Tram, bus, trolley or underground; these are the most common transportation vehicles in almost every city. They play an essential part in making the city vivid and in transferring passengers and tourists from one point to another. Budapest’s transportation system is used by millions of people almost every day. Some vehicles are a bit out of the ordinary, yet they are still worth travelling with. Let us find out more about these hidden transportation treasures in the Hungarian capital.
Metro Line 1 (Kisföldalatti = Small Underground) was the first ever underground railway system on the European continent. It was built for the Hungarian Millennium and was one of the greatest novelties of the Austro-Hungarian Monarchy. Its construction became necessary by the turn of the 20th century because the traffic on the ground was growing too heavy for the capital to handle. Also, the government did not want to ruin the beautiful look of Andrássy Avenue with trams on the surface; that is how the idea of the underground was born.
It was finished by April in 1896 by Siemens and Haske, and it was inaugurated by the emperor of Austria-Hungary, Franz Joseph on May 3rd.
The 4.4-kilometer-long line contains eleven stations. The currently operating stations of the yellow line are the following: Vörösmarty Square, Deák Ferenc Square, Bajcsy-Zsilinszky Street, Opera, Oktogon, Vörösmarty Street, Kodály Circus, Bajza Street, Heroes’ Square, Széchenyi Bath, Mexikói Street.
In the 19th century, Sváb Hill (part of Buda) was an area covered by forests, and most people went there to hunt. There were no houses, roads, shops or even lighting, only nature. After a while, people started to realise that the modernisation of Sváb Hill with a railway line would be beneficial for the capital. In 1873, the contract about building the railway was born, and construction works started one year later on April 22nd.
On June 24, 1874, the first train set out on its first journey between Városmajor (still one of the end stations of the railway, located next to Széll Kálmán Square) and Sváb Hill stations. In 1890, the railway was extended with more stations to Széchenyi Hill (the other end station).
In 1929, the first modernisation happened on the railway, but after World War II, the cogwheel railway had to be rebuilt emtirely. The second big modernisation project occurred in 1973, and after the 1990s, the railway was wholly integrated into the capital’s transportation system.
The development of the line took place between 1868 and 1870. The complete track was 95 meters long, and the elevation between the bottom and top stations reached 50 meters. The idea of building the railway (in Hungarian: Sikló) was initiated by count Széchenyi Ödön, who had seen a similar construction in Lyon and thought that on the hillside of the Castle, a steam-powered and rope-towed railway could make the transport between the city and Buda Castle easier.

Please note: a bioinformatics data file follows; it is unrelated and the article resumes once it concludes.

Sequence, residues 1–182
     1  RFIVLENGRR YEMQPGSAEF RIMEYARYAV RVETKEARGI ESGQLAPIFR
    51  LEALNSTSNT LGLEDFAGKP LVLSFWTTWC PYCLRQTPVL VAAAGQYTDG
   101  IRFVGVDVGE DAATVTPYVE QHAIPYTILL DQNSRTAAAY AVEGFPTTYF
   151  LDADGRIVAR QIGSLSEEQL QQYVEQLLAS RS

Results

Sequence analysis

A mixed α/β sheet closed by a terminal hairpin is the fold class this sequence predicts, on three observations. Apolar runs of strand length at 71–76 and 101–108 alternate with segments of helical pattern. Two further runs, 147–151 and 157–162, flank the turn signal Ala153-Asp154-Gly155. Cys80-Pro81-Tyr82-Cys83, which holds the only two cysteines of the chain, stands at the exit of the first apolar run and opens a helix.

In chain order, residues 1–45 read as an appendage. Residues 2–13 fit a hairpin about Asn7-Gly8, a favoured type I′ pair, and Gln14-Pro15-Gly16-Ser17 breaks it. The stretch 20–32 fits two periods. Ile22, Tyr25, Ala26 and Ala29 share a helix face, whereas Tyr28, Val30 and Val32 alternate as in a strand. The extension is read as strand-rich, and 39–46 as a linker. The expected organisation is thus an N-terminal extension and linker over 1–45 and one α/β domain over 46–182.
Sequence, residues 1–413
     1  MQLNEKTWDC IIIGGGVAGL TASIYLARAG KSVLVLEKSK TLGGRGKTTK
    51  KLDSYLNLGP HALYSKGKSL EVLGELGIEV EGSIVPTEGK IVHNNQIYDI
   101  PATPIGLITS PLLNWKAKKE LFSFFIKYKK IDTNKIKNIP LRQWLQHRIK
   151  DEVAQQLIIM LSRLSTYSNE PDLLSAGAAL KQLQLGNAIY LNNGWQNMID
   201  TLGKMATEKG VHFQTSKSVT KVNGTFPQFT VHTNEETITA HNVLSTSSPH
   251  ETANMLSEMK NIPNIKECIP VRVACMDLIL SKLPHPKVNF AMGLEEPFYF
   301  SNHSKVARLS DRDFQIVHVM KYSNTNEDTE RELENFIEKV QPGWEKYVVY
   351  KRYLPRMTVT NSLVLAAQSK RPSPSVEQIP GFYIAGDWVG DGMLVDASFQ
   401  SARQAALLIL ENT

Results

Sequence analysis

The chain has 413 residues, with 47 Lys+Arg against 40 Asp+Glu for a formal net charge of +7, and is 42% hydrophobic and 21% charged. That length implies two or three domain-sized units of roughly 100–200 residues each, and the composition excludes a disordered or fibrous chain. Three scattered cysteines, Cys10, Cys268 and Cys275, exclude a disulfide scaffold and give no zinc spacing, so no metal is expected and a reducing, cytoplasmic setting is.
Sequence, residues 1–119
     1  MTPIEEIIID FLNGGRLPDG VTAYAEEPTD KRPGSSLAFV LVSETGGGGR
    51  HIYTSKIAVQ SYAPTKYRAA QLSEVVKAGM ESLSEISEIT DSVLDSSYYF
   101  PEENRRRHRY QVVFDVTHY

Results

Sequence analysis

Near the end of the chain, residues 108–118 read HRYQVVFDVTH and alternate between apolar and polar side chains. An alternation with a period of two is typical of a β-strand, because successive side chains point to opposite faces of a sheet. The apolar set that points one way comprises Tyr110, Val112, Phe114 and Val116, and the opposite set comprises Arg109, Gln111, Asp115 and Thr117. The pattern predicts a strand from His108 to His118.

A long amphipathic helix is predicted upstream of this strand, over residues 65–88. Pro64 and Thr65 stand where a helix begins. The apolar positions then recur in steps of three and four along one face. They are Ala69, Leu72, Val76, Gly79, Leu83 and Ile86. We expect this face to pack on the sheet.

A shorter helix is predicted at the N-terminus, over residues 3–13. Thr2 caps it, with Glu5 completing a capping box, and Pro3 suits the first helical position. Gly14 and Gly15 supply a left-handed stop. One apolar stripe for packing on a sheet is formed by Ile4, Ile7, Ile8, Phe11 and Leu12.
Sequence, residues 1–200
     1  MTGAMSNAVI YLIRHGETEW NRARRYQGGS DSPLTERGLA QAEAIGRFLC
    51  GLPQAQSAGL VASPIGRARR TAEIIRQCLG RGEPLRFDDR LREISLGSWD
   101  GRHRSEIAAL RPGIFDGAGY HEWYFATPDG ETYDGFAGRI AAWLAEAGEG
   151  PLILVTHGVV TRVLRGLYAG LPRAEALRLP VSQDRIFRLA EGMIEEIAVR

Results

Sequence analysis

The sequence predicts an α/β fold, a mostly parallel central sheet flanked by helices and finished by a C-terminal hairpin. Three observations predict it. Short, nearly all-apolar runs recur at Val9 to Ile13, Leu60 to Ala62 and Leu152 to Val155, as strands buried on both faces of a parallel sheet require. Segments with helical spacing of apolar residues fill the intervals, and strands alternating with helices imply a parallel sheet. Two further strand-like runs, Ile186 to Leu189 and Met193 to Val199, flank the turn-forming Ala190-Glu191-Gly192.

The first test run of the Sikló was conducted on 23 October 1869. The unique cars of the Sikló consist of three boots, assembled like three steps, each with space for eight passengers.
Following the complete reconstruction, which was necessary due to the damage of World War II, it was on the List of UNESCO World Heritage Sites in 1987. In the beginning, the cars made three metres in one second; however, at the request of the passengers, this speed was halved in 1988 so that passengers could enjoy the ride on this spectacular vehicle a lot longer.
Tram Line 2 is considered to be the part of the world’s top ten most beautiful tram lines. Built after World War II, the line goes by the incredible Vigadó Square, with an amazing view of Gellért Hill, Buda Castle, Fishermen’s Bastion and the Várkert Bazár, but passengers also receive a stunning close look of the Hungarian Parliament and Kossuth Square. For those who loved and enjoyed travelling by heritage vehicles, BKK came up with the greatest idea, which was operating some heritage buses and trams on the most popular lines of the capital.
One of them is the incredible Danube Heritage Tram which operates each year between May and October every Sunday on tram line 2.
Budapest is not just Europe’s Best Tourist Destination but also the city of baths in Central Europe. The capital has many historical thermal baths where people can enjoy the healing thermal water and other services as well. The most famous baths are, of course, the Széchenyi and Gellért Thermal Baths.
Besides these two baths, there are many others, especially on the Buda side, for example, Rudas, Király and Szent Lukács Thermal Baths. To reach these historical and magnificent baths, the Thermal Heritage Tram is the best option between May and October, every Sunday from Szent Gellért Thermal Bath (Liberty Bridge).
Featured image: www.facebook.com/bkkbudapest
Source: Daily News Hungary, www.bkk.hu, www.gyermekvasut.hu, Wikipedia